It has been three years since I graduated from Temple University, as a communications major. However, in those three years, I have technically been unemployed. Having no job at all after three years sounds pretty bad, but it speaks to how tough it is to find work. Yet it’s partly my fault, since I spent more time looking for a job in my first year out of college than my last two.
I was bailed out by Associated Content and by self-publishing books, but before long, it will be time for me to send out resumes again. Like millions of others, it is my hope that things will go better next time around.
After college, I had racked up a resume that I hoped would get me a journalism job. I was the first student copy editor at the Philadelphia Inquirer, and had excelled in many other journalism classes. So for about a year, I sent out resumes to a lot of local papers and publications. But I never even got so much as a rejection letter.
As it turned out, I probably had a better chance getting a job then than I do now, since this came before the recession officially began. But both then and now, journalism was hardly the industry to go to for new jobs. With the newspaper business struggling as a whole, papers have more pressing things to do than hire young, unknown copy editors and writers.
However, the lack of success on the job hunt yielded an unlikely side effect. Because I had a lot of free time on my hands now, my dad suggested I should get my name out there via writing. As such, he found a website called Associated Content for me, and after a slow start, it became a much needed source of income.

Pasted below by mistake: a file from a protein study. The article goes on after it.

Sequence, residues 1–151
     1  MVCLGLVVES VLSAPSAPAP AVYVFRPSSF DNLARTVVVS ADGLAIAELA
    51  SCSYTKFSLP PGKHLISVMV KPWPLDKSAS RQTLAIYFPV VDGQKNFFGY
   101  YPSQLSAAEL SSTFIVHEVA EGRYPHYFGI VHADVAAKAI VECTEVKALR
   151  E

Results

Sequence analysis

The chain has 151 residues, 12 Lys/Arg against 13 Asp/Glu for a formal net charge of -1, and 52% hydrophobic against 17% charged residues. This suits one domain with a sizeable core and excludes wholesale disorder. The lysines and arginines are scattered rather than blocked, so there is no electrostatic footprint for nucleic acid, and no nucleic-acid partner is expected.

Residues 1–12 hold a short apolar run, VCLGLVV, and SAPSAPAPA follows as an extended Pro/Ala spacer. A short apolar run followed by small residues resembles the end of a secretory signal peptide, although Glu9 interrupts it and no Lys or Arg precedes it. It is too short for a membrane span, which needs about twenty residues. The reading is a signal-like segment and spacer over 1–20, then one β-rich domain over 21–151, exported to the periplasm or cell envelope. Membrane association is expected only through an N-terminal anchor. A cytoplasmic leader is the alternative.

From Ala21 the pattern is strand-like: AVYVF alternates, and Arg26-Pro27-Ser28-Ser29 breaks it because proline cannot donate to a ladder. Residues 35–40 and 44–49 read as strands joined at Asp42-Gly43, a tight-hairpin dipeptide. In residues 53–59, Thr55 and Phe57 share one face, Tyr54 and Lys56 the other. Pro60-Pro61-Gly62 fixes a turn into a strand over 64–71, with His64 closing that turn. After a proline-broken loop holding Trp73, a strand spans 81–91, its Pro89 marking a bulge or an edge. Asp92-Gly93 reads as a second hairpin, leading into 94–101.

Because of my success at AC, I didn’t have to press so hard for an official job. In fact, if I had gotten one, I never would have made a living at AC — or gotten inspired to self publish books about Lost on the side.
Not having a job is still difficult in many ways. Yet my unofficial job at AC provides much needed money for my household, which I wouldn’t have gotten so easily at an office job. Since I provide so much for my home, I don’t need to move out any time soon, and so I have a relatively stable life.
I have used Associated Content to get my name out there, and it has paid off in many ways. I made a cameo on The Situation Room last summer, and have an article on Philadelphia sports at the Sports Illustrated website right now. AC’s partners are aware of who I am, and Yahoo will soon know who I am when they take over. As such, my hopes are that eventually, some big company will decide to take a long term chance on me.
However, I have a more uphill battle when it comes to my book career. I can’t consider myself a true author, until I don’t have to pay a company to publish my work. So I have to go back and submit resumes all over again to major publishers, and send manuscripts to them as well. Until then, I have to self-publish a final Lost book, and maybe even self-publish my first original manuscript.
It combines vampires and politics, which are two major genres by themselves – but even that kind of book may be hard to publish. After all, I’m not a big name yet, and the publishing industry is even harder to break into now than journalism.
My dad always says that I just need one big break to make it huge. Given my resume at AC, and the fact that I’m writing books at 25, I technically have a head start already. However, it won’t be long until that head start is forfeited, unless I get that break. Yet at heart, my story is no different than that of the other job-hunters out there.